Using Your Company’s Employee Assistance Program for Drug and Alcohol Rehab
William was searching high and low for support. He knew he needed treatment, but he wasn’t sure where to turn for drug and alcohol rehab.
It turns out, the answer was right in front of him — his employer. William’s company had an Employee Assistance Program (EAP) that could provide support for his substance use disorder.
Does your employee offer this benefit?
If you’re like William and need treatment, your employer’s EAP might be the perfect solution. Here’s what you need to know.
Umm…What’s an EAP?
Employee Assistance Programs offer services to help employees with personal issues that could affect their work performance. Companies offer these programs in an effort to support their employees and keep their workforce healthy and productive. (It’s a win-win.)
An EAP might include services related to health, finances, social issues, or substance use disorders. The program could cover education, counseling, stress management, legal assistance, trauma-intervention, retirement planning, and more.
The exact services offered and how they’re provided depend on what EAP the company chooses. Common types of EAPs are:
- Member Assistance
So, How Does It Work?
The EAP offers you and your coworkers free, confidential services. So, if you’re struggling with substance use, you can contact the EAP for help and get support—at no cost, and with no risk of your employer finding out. Your employer pays for the program, but they aren’t told who uses the services.
When you contact the EAP, a counselor will assess your situation and offer next steps to get help. This might include a referral to a substance use treatment center or an EAP treatment program.
Exactly what this looks like will depend on which type of EAP your company has in place. For example, if it’s an in-house program, you may be able to contact someone at your office, but an external program will probably require you to call the third-party service.
Is It Really Free? And Can I Use It for Drug and Alcohol Rehab?
Yes, the EAP is free. But…if you are referred to a rehab facility for additional treatment, you’ll need to pay for that. You can use insurance coverage or other benefits to cover those costs.
Is There Any Reason I Shouldn’t Use This Benefit?
Not really. The only drawback is that the treatment will probably be short-term. EAPs are usually designed to handle minor issues or refer employees to other resources for continued help. If you’re struggling with substance use, you’ll probably need more than a handful of counseling sessions.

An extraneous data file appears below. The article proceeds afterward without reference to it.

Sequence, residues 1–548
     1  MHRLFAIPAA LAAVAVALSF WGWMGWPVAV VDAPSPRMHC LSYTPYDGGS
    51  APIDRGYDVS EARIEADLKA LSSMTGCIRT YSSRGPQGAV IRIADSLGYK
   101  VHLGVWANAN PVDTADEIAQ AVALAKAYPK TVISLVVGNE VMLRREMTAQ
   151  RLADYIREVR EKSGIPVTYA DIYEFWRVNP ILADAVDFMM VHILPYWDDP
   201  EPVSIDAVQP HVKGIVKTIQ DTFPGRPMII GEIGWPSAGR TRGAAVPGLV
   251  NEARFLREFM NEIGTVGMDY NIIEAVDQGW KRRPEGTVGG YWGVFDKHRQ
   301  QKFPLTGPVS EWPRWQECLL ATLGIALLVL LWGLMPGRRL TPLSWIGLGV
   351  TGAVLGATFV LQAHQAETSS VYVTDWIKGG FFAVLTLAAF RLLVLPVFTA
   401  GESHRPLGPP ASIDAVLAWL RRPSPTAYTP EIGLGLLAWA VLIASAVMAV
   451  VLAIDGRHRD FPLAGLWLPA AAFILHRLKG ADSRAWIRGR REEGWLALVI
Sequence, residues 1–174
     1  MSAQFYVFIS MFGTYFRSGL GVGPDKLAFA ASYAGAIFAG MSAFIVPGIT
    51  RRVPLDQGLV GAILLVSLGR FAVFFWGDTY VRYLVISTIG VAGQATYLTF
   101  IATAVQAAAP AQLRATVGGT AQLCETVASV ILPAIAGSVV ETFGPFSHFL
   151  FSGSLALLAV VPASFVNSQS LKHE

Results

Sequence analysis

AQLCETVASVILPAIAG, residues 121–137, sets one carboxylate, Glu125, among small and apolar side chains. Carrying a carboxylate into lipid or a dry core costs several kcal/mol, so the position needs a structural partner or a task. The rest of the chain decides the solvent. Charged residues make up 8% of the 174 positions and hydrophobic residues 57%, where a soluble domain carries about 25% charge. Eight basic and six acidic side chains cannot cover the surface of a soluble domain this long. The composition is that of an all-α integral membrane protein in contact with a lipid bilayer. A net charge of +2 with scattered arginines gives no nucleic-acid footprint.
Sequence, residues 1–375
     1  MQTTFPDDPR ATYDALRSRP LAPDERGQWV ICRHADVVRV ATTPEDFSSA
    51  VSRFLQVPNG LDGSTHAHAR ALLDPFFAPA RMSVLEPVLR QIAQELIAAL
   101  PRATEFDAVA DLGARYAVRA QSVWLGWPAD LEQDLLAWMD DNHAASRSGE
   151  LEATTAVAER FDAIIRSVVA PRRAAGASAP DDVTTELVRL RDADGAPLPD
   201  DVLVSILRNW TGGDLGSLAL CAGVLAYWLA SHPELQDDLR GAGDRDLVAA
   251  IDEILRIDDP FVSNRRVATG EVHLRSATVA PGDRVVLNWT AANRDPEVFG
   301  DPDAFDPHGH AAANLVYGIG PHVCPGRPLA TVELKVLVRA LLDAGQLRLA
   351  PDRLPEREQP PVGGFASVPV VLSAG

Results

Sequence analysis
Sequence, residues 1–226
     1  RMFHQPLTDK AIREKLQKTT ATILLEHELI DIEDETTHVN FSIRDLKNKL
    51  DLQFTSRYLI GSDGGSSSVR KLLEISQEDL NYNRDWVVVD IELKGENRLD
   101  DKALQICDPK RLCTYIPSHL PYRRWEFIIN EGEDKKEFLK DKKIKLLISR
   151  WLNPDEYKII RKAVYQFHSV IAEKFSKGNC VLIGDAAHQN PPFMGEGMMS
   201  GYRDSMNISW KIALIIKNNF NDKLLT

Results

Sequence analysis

But the EAP is still a good place to start. The program can help you begin treatment and give you guidance about how and where to continue.
How Do I know if I’m eligible?
If your employer offers an EAP, your eligibility is based on employment status. If you work for the company, you’re most likely eligible. And, if you’re a close family member of someone who works for the company, you may also be eligible.
If you’re not sure whether your company has an EAP or if you qualify for services, check with your employer. Ask if there is an EAP service number to call. (You don’t have to say what specific services you’re looking for.) An employee handbook might also have this info.
But…Can I Get Fired for Going to Drug and Alcohol Rehab?
The Americans with Disabilities Act states that addiction to alcohol or drugs is a disability. So, if you’re getting treatment for a substance use disorder, an employer can’t fire you for that. (But keep in mind, they could fire you for violating company policies, such as showing up to work under the influence of drugs.)
And, if you’re worried about losing your job while you’re at rehab, consider taking FMLA leave. The Family Medical Leave Act (FMLA) requires employers to give eligible employees up to 12 weeks of unpaid leave to deal with serious health conditions (which includes addiction). You won’t be paid for your time away, but at least your job will be waiting for you.
Call 800-662-HELP (4357) (Who Answers?) today to speak with a specialist who can talk with you about treatment options.
Photos courtesy of Shutterstock.